Esri has opened access to its collection of cartographic boundary files and demographic data, known as the National Geospatial Data Assets, in a push to support decision-making in disaster response, infrastructure development and other areas of national concern.
The location intelligence company’s move also seeks to support the goals of the Geospatial Data Act of 2018, which is aimed at encouraging the use of geospatial data and shattering interoperability barriers, Esri said Monday.
Jack Dangermond, founder and president of Esri, said publicizing the data can help in addressing current issues including climate change, disaster relief, broadband access and racial equity.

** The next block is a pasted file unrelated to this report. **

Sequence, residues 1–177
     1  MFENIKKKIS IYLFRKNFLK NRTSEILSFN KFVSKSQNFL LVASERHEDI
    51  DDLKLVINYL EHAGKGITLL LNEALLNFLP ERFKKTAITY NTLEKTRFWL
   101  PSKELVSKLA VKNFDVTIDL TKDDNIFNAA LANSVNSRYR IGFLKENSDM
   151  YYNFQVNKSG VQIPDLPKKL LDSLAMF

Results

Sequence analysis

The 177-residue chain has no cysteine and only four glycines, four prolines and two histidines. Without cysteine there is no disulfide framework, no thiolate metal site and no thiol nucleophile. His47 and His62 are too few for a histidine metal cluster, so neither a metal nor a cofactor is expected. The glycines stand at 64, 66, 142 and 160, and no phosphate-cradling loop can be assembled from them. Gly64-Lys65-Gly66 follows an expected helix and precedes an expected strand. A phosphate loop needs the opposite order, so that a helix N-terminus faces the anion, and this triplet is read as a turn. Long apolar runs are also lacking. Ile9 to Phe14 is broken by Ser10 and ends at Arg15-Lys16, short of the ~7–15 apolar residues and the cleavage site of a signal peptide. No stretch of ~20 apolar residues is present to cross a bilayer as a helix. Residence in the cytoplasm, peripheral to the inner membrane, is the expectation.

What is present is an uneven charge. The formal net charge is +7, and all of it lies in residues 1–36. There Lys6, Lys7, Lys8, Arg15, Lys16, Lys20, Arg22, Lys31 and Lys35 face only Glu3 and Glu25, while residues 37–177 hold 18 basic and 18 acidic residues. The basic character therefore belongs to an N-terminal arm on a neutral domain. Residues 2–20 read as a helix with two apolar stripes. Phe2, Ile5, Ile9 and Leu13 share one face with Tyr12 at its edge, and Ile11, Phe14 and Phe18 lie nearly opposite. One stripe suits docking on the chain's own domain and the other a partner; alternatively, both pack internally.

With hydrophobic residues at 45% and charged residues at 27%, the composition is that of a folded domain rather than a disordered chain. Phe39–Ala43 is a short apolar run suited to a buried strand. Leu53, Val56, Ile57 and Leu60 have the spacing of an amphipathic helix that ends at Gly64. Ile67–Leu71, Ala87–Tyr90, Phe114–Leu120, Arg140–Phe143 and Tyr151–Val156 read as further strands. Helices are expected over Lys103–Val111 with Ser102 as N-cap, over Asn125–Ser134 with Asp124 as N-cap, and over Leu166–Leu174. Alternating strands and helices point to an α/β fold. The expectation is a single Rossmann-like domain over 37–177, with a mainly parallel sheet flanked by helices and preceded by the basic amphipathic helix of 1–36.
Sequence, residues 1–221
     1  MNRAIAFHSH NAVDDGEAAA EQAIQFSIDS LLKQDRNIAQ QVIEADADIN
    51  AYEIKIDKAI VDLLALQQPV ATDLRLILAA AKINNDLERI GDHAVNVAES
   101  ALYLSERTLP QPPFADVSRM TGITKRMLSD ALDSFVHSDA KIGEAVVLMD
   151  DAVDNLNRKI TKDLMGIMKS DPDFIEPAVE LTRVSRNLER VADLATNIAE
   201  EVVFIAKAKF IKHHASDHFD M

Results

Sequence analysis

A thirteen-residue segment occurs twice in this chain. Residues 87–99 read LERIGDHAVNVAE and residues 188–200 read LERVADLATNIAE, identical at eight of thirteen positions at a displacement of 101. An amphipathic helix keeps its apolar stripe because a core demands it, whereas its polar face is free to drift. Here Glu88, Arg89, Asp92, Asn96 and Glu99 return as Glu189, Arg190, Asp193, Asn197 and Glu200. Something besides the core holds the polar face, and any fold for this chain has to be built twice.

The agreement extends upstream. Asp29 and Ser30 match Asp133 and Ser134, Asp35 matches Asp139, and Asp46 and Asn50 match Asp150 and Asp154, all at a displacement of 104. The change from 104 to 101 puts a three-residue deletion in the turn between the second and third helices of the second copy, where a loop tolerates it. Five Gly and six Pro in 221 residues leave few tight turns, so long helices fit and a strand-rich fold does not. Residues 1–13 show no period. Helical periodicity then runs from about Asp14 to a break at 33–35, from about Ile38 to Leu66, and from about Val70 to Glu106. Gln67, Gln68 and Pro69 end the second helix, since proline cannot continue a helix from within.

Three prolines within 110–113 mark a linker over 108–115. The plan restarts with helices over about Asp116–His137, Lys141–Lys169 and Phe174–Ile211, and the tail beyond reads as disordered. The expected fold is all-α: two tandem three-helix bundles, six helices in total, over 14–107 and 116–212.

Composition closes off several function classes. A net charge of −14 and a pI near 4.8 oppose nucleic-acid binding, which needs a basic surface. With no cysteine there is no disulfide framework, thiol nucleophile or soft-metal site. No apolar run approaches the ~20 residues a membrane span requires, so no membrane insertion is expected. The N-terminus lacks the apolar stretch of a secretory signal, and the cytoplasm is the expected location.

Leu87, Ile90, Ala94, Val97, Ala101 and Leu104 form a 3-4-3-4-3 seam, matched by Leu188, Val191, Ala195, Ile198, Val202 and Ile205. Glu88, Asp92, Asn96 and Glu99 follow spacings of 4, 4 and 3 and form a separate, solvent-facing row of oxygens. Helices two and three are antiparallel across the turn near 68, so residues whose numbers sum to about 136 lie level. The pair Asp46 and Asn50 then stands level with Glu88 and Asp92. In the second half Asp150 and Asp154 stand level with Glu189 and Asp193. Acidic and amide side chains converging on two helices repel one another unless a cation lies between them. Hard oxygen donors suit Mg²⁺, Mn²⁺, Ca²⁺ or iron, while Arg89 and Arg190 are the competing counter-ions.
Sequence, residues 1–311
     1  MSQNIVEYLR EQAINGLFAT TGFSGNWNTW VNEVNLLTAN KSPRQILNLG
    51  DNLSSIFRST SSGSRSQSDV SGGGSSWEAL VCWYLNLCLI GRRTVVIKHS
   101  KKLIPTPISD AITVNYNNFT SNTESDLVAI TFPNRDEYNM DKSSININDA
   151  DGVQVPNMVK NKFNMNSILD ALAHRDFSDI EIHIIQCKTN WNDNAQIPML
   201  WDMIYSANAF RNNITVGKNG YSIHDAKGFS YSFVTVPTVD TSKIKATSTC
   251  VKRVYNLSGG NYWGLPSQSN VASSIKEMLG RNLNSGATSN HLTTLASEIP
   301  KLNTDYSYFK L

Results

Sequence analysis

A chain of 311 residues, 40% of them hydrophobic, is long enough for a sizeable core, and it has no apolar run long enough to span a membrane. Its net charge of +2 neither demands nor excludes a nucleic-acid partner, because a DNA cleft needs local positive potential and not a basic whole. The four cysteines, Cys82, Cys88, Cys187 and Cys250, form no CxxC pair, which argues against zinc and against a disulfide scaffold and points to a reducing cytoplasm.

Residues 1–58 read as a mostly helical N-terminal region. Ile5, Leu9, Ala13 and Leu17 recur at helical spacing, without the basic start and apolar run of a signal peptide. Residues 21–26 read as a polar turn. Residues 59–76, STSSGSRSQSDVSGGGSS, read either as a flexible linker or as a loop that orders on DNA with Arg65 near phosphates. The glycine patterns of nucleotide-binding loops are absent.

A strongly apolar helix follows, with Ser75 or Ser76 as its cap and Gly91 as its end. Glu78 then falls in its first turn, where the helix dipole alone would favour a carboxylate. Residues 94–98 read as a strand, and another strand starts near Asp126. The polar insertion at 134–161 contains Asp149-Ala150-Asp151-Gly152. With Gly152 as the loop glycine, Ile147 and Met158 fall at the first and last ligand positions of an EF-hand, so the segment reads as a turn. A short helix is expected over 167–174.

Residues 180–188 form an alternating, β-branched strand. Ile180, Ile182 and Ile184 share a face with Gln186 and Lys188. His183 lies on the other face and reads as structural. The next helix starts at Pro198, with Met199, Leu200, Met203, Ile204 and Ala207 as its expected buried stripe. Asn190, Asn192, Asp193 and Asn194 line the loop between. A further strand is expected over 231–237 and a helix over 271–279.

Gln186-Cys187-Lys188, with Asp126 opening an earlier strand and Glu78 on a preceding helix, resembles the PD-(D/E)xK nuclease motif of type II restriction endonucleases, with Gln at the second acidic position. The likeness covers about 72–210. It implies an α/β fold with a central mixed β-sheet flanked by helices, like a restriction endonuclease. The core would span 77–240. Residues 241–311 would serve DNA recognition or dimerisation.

Scientists, the academe, geographic information system professionals and app developers can access the datasets, which include more than 75 national geospatial data on infrastructure like bridges, runways and federal public lands, via ArcGIS Online.
“When our data reaches thousands or millions of people—to help them decide where to live, buy property, go to school, or start a business—our impact can scale to a point where it moves the dial of our economy,” said Frank Winters, president of the National States Geographic Information Council and executive director of the New York State Geospatial Advisory Council.
Eris noted that the data from the NGDA was retrieved from the U.S. Census Bureau, Department of Agriculture’s National Agriculture Imagery Program, and the National Inventory of Dams database, which is handled by the U.S. Army Corps of Engineers.